Another year, another Willie Nelson album, and I swear it gets easier and easier to take them for granted, when it should have the opposite effect.
If there’s one thing I’ ve learned when reviewing Nelson’s modern work, though, it’s to stop looking for the individual differences between his albums and see them as small parts of a collective whole: songs about mortality that are either delivered with a wry, self-aware humor or with a somber frankness, love songs that feel timeless for how softspoken and mature they are, and reflections on life on the road, as only death will stop Nelson from telling them.
Still, A Beautiful Time is actually a bit of a unique case – an album that splits the difference between well-known covers, Nelson originals, and songs written by those other than him that are still nevertheless new for this album. Granted, the opening song was co-penned by both Rodney Crowell and Chris Stapleton, so when I say that it all blends together fairly seamlessly – even the more well-known tracks like “Tower of Song” and “With a Little Help From My Friends” – I mean that as a sign of respect to the writers chosen and not a mark against Nelson himself, because even at 89, there’s something so comfortably familiar and consistent with an album like this.
And yes, even despite the deterioration of Nelson’s “Family Band” that’s essentially left both him and Mickey Raphael as its remaining core pieces, that sense of comfort and familiarity shines through in a lot of the instrumentation and presentation. You’re still going to get those welcome warm blasts of acoustics and harmonica augmenting the material, and with these modern works, it feels lived-in in a way that can either play well at more serious reflections or the wry lighthearted cuts. Granted, you’re also going to get the swamped-out bass and cosmic atmospherics reminiscent more of his ‘70s work on the original and strikingly beautiful “Energy Follows Thought,” but for the most part, that consistency in tone is the major plus of any Nelson album.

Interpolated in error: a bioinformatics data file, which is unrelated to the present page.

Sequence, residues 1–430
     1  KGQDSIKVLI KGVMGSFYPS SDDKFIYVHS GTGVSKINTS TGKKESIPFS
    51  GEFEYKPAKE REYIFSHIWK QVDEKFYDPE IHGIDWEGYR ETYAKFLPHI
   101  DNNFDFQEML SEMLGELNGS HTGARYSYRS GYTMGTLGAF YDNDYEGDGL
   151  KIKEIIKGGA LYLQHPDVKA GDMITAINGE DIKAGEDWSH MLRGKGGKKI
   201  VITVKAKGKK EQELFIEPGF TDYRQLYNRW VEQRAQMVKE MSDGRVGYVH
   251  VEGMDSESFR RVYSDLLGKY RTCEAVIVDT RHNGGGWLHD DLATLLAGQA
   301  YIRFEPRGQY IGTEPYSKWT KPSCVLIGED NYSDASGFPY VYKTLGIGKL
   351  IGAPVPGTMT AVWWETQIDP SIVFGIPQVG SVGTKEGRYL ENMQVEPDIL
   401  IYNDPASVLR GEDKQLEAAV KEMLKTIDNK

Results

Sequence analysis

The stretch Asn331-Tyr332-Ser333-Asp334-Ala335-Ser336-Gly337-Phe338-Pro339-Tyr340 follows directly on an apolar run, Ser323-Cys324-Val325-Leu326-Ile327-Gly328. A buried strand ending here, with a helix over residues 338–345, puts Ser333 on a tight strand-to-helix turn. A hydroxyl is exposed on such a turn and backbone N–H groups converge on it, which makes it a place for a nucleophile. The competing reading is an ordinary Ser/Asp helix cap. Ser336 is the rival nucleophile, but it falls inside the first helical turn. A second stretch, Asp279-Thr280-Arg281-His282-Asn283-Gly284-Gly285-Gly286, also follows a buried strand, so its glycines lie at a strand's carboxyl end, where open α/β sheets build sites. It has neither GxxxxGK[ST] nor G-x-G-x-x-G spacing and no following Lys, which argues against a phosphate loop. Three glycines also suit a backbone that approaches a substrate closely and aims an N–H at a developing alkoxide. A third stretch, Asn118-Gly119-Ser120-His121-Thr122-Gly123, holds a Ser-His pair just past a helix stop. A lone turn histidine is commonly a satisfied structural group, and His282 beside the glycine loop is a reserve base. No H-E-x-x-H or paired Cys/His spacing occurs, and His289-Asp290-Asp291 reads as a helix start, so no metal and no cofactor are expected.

Granted, even despite what I said earlier about the needlessness of comparing his later albums, I can’t say there’s much here that outshines late-career cuts like, say, “He Won’t Ever Be Gone” or “Last Man Standing.” “I Don’t Go To Funerals” is a pretty humorous cut with a great lyrical hook, but I don’t know what it says that Nelson has moved on from pondering death to pondering the party afterward. But that’s also beside the point when you have tracks that can easily mine those emotional sentiments even without resorting to new ways to say or express them. “Energy Follows Thought” and “Live Every Day” are fairly straightforward warnings to be careful with the time we’re given, but between the slower pace and Nelson’s more serious and absolutely lived-in delivery, they connect regardless.
And as much as no one wants to think about it, it is that lived-in weight that makes even the non Nelson-penned cuts like “I’ll Love You Till The Day I Die” and the title track connect. Heck, the title track just might very well (and ironically enough) be the best snapshot of his love for touring that he’s ever recorded, and it’s just as easy to view a song like “Me and My Partner” as a special nod to Paul English. But it’s also what adds its own weight to a closer like “Leave You With a Smile,” where despite knowing the end may just be near (or not) and that any memories made in a presumably new and budding romance will likely just fleeting snapshots, he’s going to love his partner anyway and make those memories count, because they’ll be remembered as so much more – a truly gutting closer, all things considered.
Again, this record can be a bit of a slow burn in its pacing, and it’s easy to take an album like this for granted when it really is just a continuation of themes and ideas from Nelson’s late-career catalog. I won’t even say that all the covers work – the Beatles cover of “With a Little Help From My Friends” just felt unnecessary – or that some of the more conventional cuts like “Don’t Touch Me There” don’t get outshone by similarly themed tracks. I can’t even say it’s an easy album to take in, knowing the assumed weight behind any Nelson recording now. But I can say it’s worth it, and that as far as legends who remain consistent in their output and quality of it are concerned, Nelson remains in a league of his own.
- Favorite tracks: “Leave You With a Smile,” “Energy Follows Thought,” “Live Every Day,” “I Don’t Go to Funerals,” “Dreamin’ Again”
- Least favorite track: “With a Little Help From My Friends”
- Favorite individual moment: When I realized how simultaneously morbid and hilarious the conceit of “I Don’t Go to Funerals” was, even if I don’t know what to ultimately make of it.